The site investment would drive forward Canada's SMR development program, supporting the design, build and licensing processes and potentially hosting multiple SMR designs, Kathy McCarthy, Vice President Research and Development, CNL, told Nuclear Energy Insider.
“The SMR initiative ended up being one of the very important [investment initiatives] because there is this very strong international interest in SMRs and with Canada’s strong and technology-agnostic regulatory framework, it’s very inviting to non-traditional designs,” she said.
CNL's key science delivery milestones
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Source: CNL Long Term Strategy (2016).
In the U.S., NuScale became the first SMR developer to file a complete Design Certification Application (DCA) to the Nuclear Regulatory Commission (NRC) in January this year. The NRC began the full licence review for NuScale's IPWR light water reactor (LWR) design in March.
Faced with limited resources, the NRC has been developing new regulatory guidelines for ‘advanced’ or ‘non-LWR’ designs and the regulator aims to be able to review non-LWR designs by 2025.
A range of international SMR stakeholders submitted interest in Canada’s RFEOI and the scope of the request was widened to include power consumers, Hyland told Nuclear Energy Insider.
“We’re looking at stakeholders broadly and so we also wanted to hear from the potential user-community...So, this is a little different from a typical, technically-focused sort of request,” she said.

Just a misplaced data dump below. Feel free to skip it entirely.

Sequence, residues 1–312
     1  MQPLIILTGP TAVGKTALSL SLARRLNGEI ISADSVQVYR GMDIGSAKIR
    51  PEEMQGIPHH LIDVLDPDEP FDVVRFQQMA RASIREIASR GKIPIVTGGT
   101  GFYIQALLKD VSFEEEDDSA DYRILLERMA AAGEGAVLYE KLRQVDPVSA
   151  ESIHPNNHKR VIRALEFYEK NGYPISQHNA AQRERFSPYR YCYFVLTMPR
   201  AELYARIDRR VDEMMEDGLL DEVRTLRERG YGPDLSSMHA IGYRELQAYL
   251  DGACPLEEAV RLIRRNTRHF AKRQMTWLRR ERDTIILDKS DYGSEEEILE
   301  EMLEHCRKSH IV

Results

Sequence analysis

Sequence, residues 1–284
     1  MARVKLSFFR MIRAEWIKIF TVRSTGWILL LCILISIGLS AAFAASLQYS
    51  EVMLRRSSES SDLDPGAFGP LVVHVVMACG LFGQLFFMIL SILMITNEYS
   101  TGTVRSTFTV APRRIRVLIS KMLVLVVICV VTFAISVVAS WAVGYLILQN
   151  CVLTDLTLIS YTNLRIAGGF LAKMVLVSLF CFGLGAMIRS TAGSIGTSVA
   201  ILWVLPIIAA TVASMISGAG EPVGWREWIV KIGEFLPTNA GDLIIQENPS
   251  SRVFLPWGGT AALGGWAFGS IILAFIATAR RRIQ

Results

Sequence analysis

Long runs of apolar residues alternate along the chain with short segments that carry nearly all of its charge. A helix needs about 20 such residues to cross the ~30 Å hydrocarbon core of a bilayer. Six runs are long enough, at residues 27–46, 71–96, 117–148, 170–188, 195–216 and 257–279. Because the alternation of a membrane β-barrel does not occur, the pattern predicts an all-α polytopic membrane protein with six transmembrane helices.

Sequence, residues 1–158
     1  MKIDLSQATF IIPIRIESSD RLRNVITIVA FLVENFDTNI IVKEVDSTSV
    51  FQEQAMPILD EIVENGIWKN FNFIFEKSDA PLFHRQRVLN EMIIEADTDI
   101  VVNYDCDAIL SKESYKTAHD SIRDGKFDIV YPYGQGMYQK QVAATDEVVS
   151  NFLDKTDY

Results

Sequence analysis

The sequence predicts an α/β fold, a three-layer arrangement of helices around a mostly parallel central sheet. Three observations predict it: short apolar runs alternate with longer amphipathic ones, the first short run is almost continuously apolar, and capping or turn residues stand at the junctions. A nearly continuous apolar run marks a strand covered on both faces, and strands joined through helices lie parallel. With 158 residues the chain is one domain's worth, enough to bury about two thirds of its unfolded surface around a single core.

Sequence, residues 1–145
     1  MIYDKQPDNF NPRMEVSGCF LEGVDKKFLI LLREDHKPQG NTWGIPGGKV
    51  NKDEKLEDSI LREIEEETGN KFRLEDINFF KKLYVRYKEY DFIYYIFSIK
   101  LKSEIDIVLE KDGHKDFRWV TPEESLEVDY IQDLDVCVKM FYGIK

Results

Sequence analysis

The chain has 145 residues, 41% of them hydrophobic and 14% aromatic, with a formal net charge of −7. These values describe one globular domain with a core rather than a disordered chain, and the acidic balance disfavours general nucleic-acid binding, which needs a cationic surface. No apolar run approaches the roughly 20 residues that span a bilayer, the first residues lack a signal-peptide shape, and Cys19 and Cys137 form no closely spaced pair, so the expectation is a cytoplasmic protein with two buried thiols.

Input from both the supply side and the demand side of the emerging SMR market is key to ensure appropriate technology selection, Richard Sexton, President and CEO, AECL told Nuclear Energy Insider.
“I think experience would suggest that the process that we’re on - of understanding the market, understanding the stakeholders - is a wise way to move forward on new technology,” he said.
Ontario Power Generation [OPG], one of Canada’s largest power suppliers, plans to fill a predicted supply gap in the 2030s with new nuclear capacity. The utility is collaborating with Saskatchewan authorities on the potential for a Pan-Canadian fleet of SMRs, Nicolle Butcher, OPG's Vice President of Strategy & Acquisitions, said at the International SMR and Advanced Reactor Summit 2017 in March.
While Ontario's clean energy initiatives have supported major refurbishments of OPG’s two large-scale nuclear plants, uncertainty over long-term demand trends and a need for shorter development timeframes support SMR build, Butcher said.